There are likely trillions of comets orbiting out beyond Pluto and even farther dwarf planets like Sedna and Eris.
Ranging from small rocks to city-sized worlds, these bodies are more like dirty snowballs than rocky planets or iron-ore asteroids.
Made out of mostly ice with some rock and “soil”, comets get their beautiful tails only on the rare occasion when one gets tugged by gravity in towards the sun, where the light of our local star vapourizes part of the comet.
Viewing: For more on when a comet may become bright enough to see in a telescope, binoculars or the naked-eye, make it a habit to check the observing sections of sites like Space.com and magazines such as Astronomy or the Canadian Sky News. For details on the status of all comets that might be bright enough to see on a given month, you can also try CometChasing.Skyhound.com
Asteroids, on the other hand, originated and have stayed nearby, orbiting by the millions at the inner/outer Solar System border, between Mars and Jupiter.
Asteroids can be made of rock, ice, ore, and other materials and can wander out of the asteroid belt, creating huge craters if they collide with a larger body such as the Moon.
Most scientists now believe an asteroid impact on Earth was what caused the extinction of non-avian dinosaurs 65 million years ago.
Viewing: For alerts on when a large asteroid might be visible, check the sources above. You can also see future dates and locations for the most prominent asteroids, like 500-km-wide Vesta, at http://www.nakedeyeplanets.com/vesta-2011.htm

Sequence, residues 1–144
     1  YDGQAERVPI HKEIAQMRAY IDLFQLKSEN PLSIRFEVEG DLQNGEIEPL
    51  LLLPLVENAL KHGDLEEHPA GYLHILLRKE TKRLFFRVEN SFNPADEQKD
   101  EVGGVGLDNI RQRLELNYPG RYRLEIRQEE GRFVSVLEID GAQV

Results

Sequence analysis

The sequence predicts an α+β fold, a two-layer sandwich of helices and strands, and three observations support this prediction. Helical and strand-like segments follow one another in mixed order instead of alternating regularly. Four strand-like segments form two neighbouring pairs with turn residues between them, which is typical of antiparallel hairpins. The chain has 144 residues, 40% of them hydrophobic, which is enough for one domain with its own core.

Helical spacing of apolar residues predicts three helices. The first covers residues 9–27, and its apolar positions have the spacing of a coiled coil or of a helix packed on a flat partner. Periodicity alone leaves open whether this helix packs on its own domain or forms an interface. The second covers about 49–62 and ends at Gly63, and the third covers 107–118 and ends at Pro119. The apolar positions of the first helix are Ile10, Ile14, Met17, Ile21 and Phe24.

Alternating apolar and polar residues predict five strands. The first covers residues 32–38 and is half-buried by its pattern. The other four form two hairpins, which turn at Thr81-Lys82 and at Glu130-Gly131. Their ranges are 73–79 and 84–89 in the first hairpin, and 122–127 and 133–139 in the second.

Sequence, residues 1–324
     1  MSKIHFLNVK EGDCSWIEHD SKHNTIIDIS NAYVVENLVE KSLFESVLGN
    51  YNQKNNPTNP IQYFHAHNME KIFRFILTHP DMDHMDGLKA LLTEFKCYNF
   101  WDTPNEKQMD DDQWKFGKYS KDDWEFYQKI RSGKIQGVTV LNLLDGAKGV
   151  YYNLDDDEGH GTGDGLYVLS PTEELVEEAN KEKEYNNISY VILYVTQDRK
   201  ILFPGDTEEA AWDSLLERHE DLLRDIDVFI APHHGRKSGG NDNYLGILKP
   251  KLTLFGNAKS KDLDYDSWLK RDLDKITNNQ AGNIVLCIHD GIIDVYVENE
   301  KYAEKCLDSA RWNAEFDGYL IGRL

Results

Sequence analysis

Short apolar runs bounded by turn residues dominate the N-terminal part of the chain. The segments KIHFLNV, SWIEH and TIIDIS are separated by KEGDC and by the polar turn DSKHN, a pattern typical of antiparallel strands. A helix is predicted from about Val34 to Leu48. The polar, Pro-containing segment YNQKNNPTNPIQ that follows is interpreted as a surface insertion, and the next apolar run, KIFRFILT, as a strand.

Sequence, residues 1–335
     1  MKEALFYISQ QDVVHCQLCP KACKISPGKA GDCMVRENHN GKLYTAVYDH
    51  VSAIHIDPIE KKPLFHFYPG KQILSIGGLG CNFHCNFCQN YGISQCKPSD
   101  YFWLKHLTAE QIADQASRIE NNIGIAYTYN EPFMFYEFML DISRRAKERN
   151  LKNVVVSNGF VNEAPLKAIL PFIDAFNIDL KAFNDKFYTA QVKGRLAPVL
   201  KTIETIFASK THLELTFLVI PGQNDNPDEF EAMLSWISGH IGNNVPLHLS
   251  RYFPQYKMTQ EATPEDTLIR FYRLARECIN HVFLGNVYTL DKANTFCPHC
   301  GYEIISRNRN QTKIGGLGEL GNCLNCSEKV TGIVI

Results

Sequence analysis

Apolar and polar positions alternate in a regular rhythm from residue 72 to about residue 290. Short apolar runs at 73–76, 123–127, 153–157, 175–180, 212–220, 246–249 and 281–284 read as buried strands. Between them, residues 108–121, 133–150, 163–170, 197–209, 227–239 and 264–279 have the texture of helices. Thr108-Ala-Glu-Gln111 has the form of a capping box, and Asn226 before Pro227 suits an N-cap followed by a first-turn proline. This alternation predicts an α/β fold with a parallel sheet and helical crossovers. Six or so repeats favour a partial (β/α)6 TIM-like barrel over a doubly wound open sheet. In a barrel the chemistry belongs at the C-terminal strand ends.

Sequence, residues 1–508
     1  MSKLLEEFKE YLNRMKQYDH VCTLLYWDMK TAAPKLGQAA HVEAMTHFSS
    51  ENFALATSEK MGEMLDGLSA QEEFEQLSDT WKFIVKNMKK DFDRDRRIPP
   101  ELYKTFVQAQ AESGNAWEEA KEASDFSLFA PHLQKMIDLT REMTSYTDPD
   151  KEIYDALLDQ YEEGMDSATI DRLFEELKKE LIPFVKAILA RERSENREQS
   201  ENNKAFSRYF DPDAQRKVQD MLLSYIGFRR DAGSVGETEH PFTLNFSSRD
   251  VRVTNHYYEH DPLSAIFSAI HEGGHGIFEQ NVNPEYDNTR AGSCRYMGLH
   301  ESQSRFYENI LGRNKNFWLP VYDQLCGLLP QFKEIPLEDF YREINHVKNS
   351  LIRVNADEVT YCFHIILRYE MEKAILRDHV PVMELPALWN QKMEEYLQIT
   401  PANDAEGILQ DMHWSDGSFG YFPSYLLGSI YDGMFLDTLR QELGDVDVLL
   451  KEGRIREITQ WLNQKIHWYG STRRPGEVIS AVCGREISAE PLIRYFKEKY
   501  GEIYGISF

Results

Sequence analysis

Every August 12, the annual Perseid Meteor Shower – the “Ol’ Faithful” of meteor showers – takes place. Even if you know this, what you might not know is that there is a meteor shower worth-watching almost every month.
For the Perseids in 2012, the later you can stay up to see the shower, the more you’ll be likely to see. Just before it’s all over, watch for Venus and the crescent Moon (also called the “Trolling Moon” when the “boat” of the crescent Moon pulls the fishing “tackle” of Venus behind it) below Jupiter, rising on the Eastern horizon at dawn on August 13.
While some of the 5-15-metre-long replacements for NASA’s space shuttle are visible to the naked eye as they reach and settle in to orbit, by far the coolest human-made thing to see in the night sky is the International Space Station.
Spanning the dimensions of an entire football field (or the space of five NHL hockey rinks), the ISS is the largest multinational engineering project in history. (It should be! – it cost almost 1/10 of a trillion dollars to build.)
This orbiting science lab, space tourist destination, and future jumping-off-point to the Moon and beyond took a decade to build and hosts a crew of 6 engineers and researchers.
Viewing: To see the ISS pass over where you are…
- go to http://www.heavens-above.com/SelectTown.aspx
- enter your town and country, then click Search. If your town comes up, click on it and choose “ISS” (under “Satellites) on the next page (if your town doesn’t come up, pick a larger town near your town.)
- Assuming you’ve found your town and clicked on ISS, you should now be looking at a table, which will show you dates, brightness (the lower the number, the brighter: -1.6 is brighter than 3.1, etc..), and three sets of times, height off the horizon, and directions for when the space station will appear, be at its highest point, and disappear.
You should be able to see the ISS move across the sky with your unaided eyes in most cases. With a pair of higher-power (more than x10) binoculars, you may be able to see the “T” or “H”-shaped structure of the ISS as it and its astronauts pass 400 km overhead at 28,000 km/h